For Disney Plus, maybe getting the first 100 million subscribers was the easy part.
Shares of Disney were down 2.6% in midday trading Friday, after the media company missed revenue estimates for the first three months of 2021 and reported a net gain of 8.7 million Disney Plus subs — some 6 million fewer than Wall Street had been betting on.
The Disney Plus story was always more about a marathon than a sprint. But analyst consensus expectations “were for a more front-end loaded growth curve” on the road to Disney’s updated forecast of 230 million-260 million Disney Plus subscribers by the end of fiscal 2024, Morgan Stanley analyst Ben Swinburne wrote. “We remain confident in the F24 guidance, but continue to see net adds building over time.”
Swinburne, who reiterated his “overweight” rating on the stock, said the 104 million Disney Plus streaming sub mark in the first calendar year quarter was in line with the firm’s expectations and reflected “COVID’s impact on content production.” That’s despite Q1 debuts on Disney Plus of widely anticipated Marvel series “WandaVision” and “The Falcon and the Winter Soldier.”
“It was clear at Disney’s December 2020 investor day that the content quantity would be more modest in F21 given COVID’s impact on production,” Swinburne wrote. “The key titles and quantity of key titles really begin in F22 in earnest, building further into F23.”
Meanwhile, the increasing moves toward economic reopening bodes well for the other parts of Disney’s businesses, led by Parks, according to Swinburne. “As the pandemic subsides over time, sports returns to its normal cadence, and consumers return to theaters — all of Disney’s related businesses should recover quickly and contribute to significant earnings growth,” he wrote.
MoffettNathanson senior analyst Michael Nathanson told clients he was hopeful that “some of that froth will be taken out of the stock” as investors process the slowdown in Disney Plus subscriber growth — and put the value of those subscribers in context.
Per Nathanson’s estimates, of the 70 million new Disney Plus subscribers added over the past year, nearly half have come from Disney Plus Hotstar in India and Indonesia, where the service carries a much lower average price per subscriber. That’s “not meant to diminish what Disney has accomplished,” he wrote. “Rather, it goes to the simplicity (i.e., all subs are worth the same) in which the market has treated Disney’s DTC pivot.”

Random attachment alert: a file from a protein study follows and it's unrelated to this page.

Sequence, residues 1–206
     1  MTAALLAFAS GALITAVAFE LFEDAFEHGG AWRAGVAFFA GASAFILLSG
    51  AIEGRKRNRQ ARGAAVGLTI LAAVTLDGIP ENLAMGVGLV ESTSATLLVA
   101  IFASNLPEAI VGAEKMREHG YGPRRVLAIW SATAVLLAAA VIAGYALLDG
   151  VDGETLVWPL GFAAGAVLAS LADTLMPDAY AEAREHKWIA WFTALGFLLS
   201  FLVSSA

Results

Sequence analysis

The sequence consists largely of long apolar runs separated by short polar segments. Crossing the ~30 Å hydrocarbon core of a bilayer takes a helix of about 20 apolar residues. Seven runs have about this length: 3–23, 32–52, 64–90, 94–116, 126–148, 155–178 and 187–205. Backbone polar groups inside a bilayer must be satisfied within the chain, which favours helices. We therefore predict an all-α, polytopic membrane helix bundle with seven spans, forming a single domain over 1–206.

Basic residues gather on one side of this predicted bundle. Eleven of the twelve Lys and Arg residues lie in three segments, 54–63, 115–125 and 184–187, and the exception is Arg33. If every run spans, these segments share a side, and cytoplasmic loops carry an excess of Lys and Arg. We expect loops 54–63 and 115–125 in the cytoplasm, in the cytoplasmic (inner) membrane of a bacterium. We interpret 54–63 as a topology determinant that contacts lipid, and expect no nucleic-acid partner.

“Interestingly, in that long-ago time before Disney’s DTC pivot, this quarter’s blowout earnings results would have pushed Disney’s stock higher,” Nathanson added, as the Mouse House’s operating profits came in better across the board.
So how should investors value Disney’s business at this point? Disney has typically traded at a 4% premium to the average market price-to-earnings multiple of 17x from 2015-19, Nathanson noted. The analyst, who maintains a “neutral” rating on Disney stock, said by 2024 “we would argue that the composition of growth should be better with a bigger percentage of revenue driven by DTC and Parks,” in which case using a 25x P/E multiple akin to large tech stocks is a better comparison moving forward. Given the share price has been in that ballpark of late, Nathanson said, “we think the market is confirming our current Neutral rating on the stock.”
One thing is clear: Disney will need to consistently build the Disney Plus subscriber base to deliver on its forecasts. Per Bernstein Research analyst Todd Juenger’s estimates, the media company will need to gain 5 million new Disney Plus subscribers (excluding Disney Plus Hotstar) each quarter over the next 14 quarters to hit the revised targets.
On Thursday’s earnings call, Disney CEO Bob Chapek acknowledged that international expansion will be the big driver of Disney Plus gains. But he insisted that there’s still plenty of opportunity to grow the U.S. base with the Disney Plus/ESPN Plus/Hulu bundle.
And CFO Christine McCarthy insisted that Disney Plus has not seen a significant uptick in subscriber churn even with the price hike that went into effect in late March. “We seem to be fairly resilient, which makes us feel relatively bullish going forward,” she said.